Given the film’s merits and flaws, the biggest turn off in this film is its very shallow take and simplistic resolutions on such valid and realistic contemporary issues such as vanity, sexuality, STD, family, the OFW, and gender roles. Even though the scriptwriter and director clearly had good intentions in the making of this film, the issues presented in the film end up romanticized, predictable, and even taken for granted. They are suddenly resolved through one single action. This hardly happens in reality.

Hence, overall, the film’s ambitious efforts end up in a shallow platter where the real issues that reflect reality evaporate along with the musical numbers. This, sadly, leaves a half-baked effort that is funny and entertaining but suffers in its highly simplistic resolutions and shallow treatment of realistic issues that may be comparable to a doughnut – sweet and delicious on the sides but hollow at the very center.

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Hey everyone! How’s everyone doing?

Enough of the Brown Raise Movement for the moment. Let’s now take a peek at Philippine cinematic output of 2007. I am an avid movie fan and thank God for independent films and digital technology, Philippine Cinema is now coming out of its half-dead state. It’s a joy to finally see the quality outputs of younger and more daring filmmakers, who dare to challenge the formulaic tendencies of mainstream Philippine Cinema. It is just my fervent hope that these new auteurs, while already making their presence felt in numerous international film festivals (Cannes, Venice, Berlin, etc.), are accorded a wider patronage locally. It is still a sad reality that the Filipino audience in general still has an aversion for films with no prominent stars on the cast and they also tend to shun films that feature more innovative ways of storytelling aside from the usual linear method.

While these realities continue to limit the advances made by these new talented thespians, there is plenty of hope that Philippine Cinema will soon take its rightful place in world cinema. This, I firmly believe.

Below is my obviously subjective list of the most notable Filipino films of 2007. I know that we are already in the last 4 months of 2008 and this list is rather overdue. However, it still quite interesting to look at the landmark films of the paste year – a year wherein independent films completely outshone their mainstream counterparts.

The list will feature film synopses first. Detailed reviews of each film will be posted in my upcoming posts. Feel free to leave comments. Enjoy watching, er, reading!

1. Foster Child by Brillante Mendoza (screened at the Directors’ Fortnight of the 2007 Cannes Film Festival) –

Director Brillante Mendoza tells the affectionate tale of a poor family living in the Philippines that is hired by a local Foster Care Facility to provide temporary care and shelter for abandoned babies. Thelma and her husband Dado live in Manila with their two teenage sons Gerald and Yuri. Despite the fact that her family lives in abject poverty, Thelma receive a fair amount of fulfillment in life by serving as a surrogate mother to abandoned children who are awaiting adoption. A young three year-old named John-John is Thelma’s latest charge. Now, as the kind-hearted foster parent prepares to turn the child over to his adoptive American parents, every moment spent with the precious youngster becomes something to be cherished.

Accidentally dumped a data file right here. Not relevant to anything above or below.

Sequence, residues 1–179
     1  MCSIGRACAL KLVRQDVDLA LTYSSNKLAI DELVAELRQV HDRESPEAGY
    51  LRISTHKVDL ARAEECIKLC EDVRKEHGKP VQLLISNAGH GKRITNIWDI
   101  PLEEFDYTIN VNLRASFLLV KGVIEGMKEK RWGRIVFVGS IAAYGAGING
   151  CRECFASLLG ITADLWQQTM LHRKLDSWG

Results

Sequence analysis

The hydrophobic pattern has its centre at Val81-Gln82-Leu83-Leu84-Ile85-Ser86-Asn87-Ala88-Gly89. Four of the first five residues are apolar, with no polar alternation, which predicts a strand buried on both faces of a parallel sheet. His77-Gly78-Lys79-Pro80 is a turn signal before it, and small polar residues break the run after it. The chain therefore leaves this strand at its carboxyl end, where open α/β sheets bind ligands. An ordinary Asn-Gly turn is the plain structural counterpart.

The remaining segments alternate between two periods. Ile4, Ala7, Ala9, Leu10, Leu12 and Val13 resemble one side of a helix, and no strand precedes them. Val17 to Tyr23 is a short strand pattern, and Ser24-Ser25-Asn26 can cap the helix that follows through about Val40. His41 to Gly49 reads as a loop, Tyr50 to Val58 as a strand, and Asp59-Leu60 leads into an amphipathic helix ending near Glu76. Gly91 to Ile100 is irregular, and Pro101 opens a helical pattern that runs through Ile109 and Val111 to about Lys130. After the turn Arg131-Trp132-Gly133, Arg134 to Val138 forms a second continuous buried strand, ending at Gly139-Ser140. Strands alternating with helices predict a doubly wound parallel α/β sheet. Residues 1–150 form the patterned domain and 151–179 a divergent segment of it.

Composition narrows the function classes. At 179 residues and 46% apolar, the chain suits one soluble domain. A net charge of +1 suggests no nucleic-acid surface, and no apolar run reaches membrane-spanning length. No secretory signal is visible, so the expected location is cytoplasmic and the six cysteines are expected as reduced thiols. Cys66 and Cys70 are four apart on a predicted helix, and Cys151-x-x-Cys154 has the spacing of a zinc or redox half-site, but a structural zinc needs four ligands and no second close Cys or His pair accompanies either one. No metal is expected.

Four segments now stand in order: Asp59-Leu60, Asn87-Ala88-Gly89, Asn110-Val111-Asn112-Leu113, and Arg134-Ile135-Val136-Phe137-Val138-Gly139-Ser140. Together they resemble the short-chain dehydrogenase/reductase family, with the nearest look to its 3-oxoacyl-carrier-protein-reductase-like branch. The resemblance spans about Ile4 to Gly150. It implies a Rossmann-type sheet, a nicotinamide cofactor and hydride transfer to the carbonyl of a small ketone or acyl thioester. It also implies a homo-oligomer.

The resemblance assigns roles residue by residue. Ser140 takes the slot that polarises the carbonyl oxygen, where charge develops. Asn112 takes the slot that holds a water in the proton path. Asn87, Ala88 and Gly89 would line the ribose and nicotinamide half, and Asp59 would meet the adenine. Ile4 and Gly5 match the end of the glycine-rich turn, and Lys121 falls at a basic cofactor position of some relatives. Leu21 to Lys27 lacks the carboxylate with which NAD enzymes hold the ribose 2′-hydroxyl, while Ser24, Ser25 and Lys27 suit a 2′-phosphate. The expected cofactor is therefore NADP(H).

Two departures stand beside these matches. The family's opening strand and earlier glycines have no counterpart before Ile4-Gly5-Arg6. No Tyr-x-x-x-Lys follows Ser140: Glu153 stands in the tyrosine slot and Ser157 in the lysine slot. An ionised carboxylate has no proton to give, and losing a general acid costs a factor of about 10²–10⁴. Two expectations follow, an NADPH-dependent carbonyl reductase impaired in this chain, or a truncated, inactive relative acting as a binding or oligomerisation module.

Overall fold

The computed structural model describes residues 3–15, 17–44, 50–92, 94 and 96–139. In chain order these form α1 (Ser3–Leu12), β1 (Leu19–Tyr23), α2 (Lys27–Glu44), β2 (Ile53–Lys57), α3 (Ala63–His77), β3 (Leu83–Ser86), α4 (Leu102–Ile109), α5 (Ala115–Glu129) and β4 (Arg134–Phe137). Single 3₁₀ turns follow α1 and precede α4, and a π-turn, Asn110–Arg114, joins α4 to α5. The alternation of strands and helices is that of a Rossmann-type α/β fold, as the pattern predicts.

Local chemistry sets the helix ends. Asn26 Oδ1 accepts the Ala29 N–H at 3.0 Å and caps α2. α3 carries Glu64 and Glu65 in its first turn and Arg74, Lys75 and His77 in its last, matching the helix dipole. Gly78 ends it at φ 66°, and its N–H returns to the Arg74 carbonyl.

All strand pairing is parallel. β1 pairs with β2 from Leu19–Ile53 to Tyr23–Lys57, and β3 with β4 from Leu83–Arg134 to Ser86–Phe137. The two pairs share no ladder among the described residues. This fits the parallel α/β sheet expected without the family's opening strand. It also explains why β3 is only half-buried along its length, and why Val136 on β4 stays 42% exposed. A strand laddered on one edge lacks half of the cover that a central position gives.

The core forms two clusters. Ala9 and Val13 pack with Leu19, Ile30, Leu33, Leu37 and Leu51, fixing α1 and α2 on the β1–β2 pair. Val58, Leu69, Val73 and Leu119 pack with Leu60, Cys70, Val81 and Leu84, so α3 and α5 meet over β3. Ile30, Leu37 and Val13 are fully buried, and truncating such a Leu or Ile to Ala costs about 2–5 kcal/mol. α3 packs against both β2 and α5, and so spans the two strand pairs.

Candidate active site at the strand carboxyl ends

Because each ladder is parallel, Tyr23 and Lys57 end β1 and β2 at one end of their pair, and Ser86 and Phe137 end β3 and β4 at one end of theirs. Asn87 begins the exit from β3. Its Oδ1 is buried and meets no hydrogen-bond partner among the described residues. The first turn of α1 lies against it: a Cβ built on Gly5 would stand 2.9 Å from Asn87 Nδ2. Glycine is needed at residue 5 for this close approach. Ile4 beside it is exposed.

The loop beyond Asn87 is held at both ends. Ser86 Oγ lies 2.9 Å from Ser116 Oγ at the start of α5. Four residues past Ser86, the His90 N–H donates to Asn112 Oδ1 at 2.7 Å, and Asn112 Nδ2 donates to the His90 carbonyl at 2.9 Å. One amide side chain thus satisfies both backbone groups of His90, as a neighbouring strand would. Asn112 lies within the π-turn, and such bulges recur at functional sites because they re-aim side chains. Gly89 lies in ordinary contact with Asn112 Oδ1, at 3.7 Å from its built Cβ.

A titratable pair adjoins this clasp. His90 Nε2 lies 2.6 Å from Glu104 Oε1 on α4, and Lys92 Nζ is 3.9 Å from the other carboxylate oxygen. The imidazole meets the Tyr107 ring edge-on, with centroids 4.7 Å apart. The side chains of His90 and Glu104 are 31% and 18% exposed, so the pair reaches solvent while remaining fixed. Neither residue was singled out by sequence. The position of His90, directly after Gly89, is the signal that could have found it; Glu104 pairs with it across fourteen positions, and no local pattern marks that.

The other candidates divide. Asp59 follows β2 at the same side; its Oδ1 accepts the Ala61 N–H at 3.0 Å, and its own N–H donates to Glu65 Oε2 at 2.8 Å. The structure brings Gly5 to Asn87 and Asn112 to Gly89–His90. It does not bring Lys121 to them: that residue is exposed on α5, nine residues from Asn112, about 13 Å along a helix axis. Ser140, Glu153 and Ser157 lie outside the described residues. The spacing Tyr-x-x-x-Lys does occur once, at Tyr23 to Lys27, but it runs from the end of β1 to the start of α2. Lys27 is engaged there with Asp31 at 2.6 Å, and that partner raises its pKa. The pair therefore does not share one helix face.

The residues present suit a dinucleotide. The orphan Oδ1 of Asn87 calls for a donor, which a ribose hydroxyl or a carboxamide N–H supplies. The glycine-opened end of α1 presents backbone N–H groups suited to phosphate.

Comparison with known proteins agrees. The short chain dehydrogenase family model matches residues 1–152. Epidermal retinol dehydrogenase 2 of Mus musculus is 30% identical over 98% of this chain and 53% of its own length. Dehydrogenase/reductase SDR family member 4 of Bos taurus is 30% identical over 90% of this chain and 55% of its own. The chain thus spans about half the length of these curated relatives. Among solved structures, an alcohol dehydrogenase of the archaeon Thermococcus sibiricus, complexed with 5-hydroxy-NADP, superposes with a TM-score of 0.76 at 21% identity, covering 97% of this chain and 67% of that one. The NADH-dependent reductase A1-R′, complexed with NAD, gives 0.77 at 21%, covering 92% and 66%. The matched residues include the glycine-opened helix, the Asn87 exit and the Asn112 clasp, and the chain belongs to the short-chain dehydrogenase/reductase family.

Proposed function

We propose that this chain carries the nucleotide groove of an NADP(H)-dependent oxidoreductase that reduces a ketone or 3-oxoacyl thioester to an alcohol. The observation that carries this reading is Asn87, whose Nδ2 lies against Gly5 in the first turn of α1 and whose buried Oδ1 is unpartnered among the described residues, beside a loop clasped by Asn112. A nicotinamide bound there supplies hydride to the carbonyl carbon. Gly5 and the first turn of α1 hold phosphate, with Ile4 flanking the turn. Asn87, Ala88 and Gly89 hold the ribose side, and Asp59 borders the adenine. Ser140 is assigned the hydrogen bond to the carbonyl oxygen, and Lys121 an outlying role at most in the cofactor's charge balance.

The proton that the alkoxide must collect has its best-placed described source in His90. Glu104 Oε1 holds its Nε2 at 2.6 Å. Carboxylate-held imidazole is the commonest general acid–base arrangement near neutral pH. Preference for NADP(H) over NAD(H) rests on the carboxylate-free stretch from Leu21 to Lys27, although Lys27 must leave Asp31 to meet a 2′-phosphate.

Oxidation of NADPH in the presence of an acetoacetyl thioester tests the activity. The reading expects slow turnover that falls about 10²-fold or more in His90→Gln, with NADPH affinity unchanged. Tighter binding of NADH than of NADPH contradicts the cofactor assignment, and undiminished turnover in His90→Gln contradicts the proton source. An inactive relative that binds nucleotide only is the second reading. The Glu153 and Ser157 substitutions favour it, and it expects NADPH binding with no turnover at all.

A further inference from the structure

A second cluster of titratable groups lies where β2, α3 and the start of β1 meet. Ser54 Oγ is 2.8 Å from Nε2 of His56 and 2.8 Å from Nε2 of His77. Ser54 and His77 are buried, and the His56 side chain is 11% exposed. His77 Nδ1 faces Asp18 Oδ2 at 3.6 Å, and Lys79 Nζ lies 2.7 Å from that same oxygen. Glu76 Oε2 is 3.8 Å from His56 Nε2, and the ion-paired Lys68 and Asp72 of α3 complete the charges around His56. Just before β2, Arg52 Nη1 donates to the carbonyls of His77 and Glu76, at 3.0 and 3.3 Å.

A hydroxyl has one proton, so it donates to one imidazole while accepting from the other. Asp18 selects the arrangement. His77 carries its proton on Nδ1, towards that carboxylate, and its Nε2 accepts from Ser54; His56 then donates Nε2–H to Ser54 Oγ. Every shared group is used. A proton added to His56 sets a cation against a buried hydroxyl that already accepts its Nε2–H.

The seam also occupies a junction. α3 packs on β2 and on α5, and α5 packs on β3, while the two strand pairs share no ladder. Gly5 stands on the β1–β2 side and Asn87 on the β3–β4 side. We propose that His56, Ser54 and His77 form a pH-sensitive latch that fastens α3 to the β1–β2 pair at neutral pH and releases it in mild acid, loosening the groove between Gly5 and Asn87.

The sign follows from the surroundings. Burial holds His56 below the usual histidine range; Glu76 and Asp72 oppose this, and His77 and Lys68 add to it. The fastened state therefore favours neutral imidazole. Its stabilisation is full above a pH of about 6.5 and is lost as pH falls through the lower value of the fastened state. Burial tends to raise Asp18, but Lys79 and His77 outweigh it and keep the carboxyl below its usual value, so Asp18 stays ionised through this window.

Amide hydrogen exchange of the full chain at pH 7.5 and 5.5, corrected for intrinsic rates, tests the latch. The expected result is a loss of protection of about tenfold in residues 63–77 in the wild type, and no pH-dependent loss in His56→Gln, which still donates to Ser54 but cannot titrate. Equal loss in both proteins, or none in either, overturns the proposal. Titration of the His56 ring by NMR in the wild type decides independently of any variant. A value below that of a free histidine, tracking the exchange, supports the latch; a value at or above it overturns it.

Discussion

2. Tribu/Tribe by Jim Libiran (screened at the 2007 Pusan Film Festival)

The dangerous unlit streets and labyrinthine alleyways in the ghetto district of Tondo in Manila, serves as a claustrophobic backdrop to a random killing that triggers a wild and bloody gang war.
Through the eyes of a 10 year old boy, we are immersed into the normal, impoverished, tough life of Tondo. Through him, we encounter the juvenile yet murderous leaders and members of various gangsta tribes — adolescent thugs and petty criminals whose past time is sex, drugs and their eloquently poetic street rap, delivered in their own unique tongue-twisting machine gun-style.

3. Tirador/Slingshot by Brillante Mendoza (won at the 2008 Berlin Film Festival) –

A tribute to the real potential of digital cinema, Slingshot is a slum epic on steroids. It weaves stories left and right into a shocking tableau about life for the lowest of the low in the Philippine’s poorest and most crime-ridden districts.

National elections are coming up so in the usual attempt to appear “tough-on-crime”, The Big Boys have been sent in to crack down on the local squatters, thieves and miscreants who litter the film like broken bottles. And since no sweep is ever a clean sweep, the cops’ brutal shock-force tactics quickly ripple outwards with jagged repercussions. Starting from the film’s amazing night time raid and climaxing with a candle-lit vigil by those insulted by the empty words of the politicians, director Brillante Mendoza uses the camera’s apparent attention deficit disorder to maximum effect, investigating lives at every turn and blending their true fictions right onto the city streets of Manila for a rich and incredibly immersive feel.

4. Endo/End of Contract by Jade Francis Castro (screened at the Nantes Film Festival)